This type of graph highlights the difference, not the complete number of votes and is appropriate when viewing percentages.

Posted by: gconrads | October 9, 2009 8:39 AM

why is graph not drawn to scale? The vote is 51 - 49 no and the graph looks like an overwhelming number of "voters' said no

Posted by: spitts1 | October 9, 2009 8:41 AM

The graph is purposely designed to make it appear that there are a huge number of no votes and demonstrates obvious bias.

Posted by: fingersfly | October 9, 2009 8:41 AM

I'm looking at the graphic here and cannot figure out what you guys are trying to show?
The tiny slice of blue is supposed to be 50% and the huge slice of red is supposed to be 50% and the scale at the bottom is......

Posted by: Tomcat3 | October 9, 2009 8:53 AM

It is my understanding that the President did not "win", but was "awarded" the prize...much like a bonus given to you from your employer...deserving or not. In addition, I could not help but notice that after casting my vote, the graphic scale indicated 49% yes and 51% no; however, the graph lines seemed much more disproportionate for only a 2% spread with emphasis on “no”…

Posted by: jonbwnfd | October 9, 2009 9:40 AM

Why does the graph make the vote look so lopsided?

Posted by: subwayguy | October 9, 2009 9:48 AM

The graph is not lopsided .. the numbers are. Read the posts and you will see the posts are against the idea not for.

Posted by: T-Tom | October 9, 2009 9:53 AM 

Who designed the bar graph? The difference between the "yes" votes and the "no" votes is two percentage points, yet the "no" bar is three times as long as the "yes" bar.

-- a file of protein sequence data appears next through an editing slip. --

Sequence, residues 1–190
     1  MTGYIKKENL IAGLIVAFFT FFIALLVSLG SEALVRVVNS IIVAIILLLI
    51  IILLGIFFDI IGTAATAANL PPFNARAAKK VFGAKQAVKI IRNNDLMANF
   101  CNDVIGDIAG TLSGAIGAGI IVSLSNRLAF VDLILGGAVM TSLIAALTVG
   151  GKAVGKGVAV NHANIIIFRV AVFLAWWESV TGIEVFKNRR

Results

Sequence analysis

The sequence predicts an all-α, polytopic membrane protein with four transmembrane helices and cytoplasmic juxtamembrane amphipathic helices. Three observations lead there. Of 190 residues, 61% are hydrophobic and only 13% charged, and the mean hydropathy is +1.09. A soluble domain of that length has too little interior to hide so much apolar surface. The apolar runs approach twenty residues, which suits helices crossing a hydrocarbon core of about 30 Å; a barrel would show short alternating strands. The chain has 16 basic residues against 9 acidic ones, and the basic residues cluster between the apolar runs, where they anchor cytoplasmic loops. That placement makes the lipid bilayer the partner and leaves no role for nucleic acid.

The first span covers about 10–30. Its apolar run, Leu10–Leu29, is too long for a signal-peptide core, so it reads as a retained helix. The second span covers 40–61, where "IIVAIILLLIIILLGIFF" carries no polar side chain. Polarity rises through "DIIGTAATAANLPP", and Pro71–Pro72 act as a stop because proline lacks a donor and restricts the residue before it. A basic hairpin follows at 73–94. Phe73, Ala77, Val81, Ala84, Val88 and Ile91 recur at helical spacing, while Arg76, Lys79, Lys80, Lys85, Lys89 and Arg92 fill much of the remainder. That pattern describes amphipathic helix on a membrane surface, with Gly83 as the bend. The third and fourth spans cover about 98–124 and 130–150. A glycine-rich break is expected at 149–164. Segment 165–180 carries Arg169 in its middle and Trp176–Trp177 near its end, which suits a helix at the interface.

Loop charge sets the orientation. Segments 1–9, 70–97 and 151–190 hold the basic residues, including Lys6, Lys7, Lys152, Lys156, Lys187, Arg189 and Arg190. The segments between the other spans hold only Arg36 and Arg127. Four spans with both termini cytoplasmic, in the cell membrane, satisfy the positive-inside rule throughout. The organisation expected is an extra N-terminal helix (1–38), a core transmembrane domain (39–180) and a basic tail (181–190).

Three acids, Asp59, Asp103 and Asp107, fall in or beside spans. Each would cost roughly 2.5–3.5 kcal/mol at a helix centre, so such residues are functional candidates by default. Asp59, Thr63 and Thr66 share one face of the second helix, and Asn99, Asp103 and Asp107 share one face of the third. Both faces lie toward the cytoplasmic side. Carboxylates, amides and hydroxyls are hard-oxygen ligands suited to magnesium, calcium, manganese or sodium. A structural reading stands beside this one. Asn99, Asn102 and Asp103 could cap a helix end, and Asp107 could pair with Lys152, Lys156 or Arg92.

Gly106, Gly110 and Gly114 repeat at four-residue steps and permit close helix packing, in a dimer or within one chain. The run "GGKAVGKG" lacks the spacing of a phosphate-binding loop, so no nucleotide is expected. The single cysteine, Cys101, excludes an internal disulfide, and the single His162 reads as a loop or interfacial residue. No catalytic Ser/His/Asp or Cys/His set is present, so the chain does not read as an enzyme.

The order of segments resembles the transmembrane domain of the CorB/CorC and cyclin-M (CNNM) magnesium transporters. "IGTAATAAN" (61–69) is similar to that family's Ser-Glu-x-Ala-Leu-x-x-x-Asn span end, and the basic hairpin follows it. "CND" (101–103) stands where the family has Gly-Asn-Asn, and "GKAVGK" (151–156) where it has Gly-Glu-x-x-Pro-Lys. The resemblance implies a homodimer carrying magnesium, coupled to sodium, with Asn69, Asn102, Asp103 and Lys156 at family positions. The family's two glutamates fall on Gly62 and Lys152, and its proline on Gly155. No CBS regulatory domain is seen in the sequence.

In fact, "yes" is 49% and "no" is 51%: the graph is supposed to illustrate reality, not. . . well, just what DOES it illustrate?

Posted by: cmcintyr | October 9, 2009 10:02 AM

Inconsequential detail?  Big fail?  You decide.

A tale of four charts

Speaking of rules for making charts, I think the most important is "if at first you don't succeed, try, try and try again."  It's absolutely essential to produce multiple looks before settling on the one that helps tell the story.

While researching U.S. consumer credit this week, I came across these four views of presumably the same data set.


The chart on the top left (via Business Insider) shows a downward sloping line, with a steep decline on the right edge of the chart.  The authors clearly wanted to show us that consumer credit in the U.S. was collapsing.  The bottom was falling out.  To aid in this effort, they chose to:

  • start the plot at the peak of the time series (2000);
  • set the minimum value of the vertical scale to coincide with the lowest value attained thus far (2009) -- we have reached rock bottom, ladies and gentlemen; and
  • pay no particular attention to the 0% line, which is placed in the lower half of the chart, rather than the middle, thus obscuring the fact that credit grew at faster rates during the height of the boom than it has been declining during the recession.
(Thanks to Excel's default setting, we are treated to a centipede effect on the horizontal axis.  Also thick lines and line shadows.)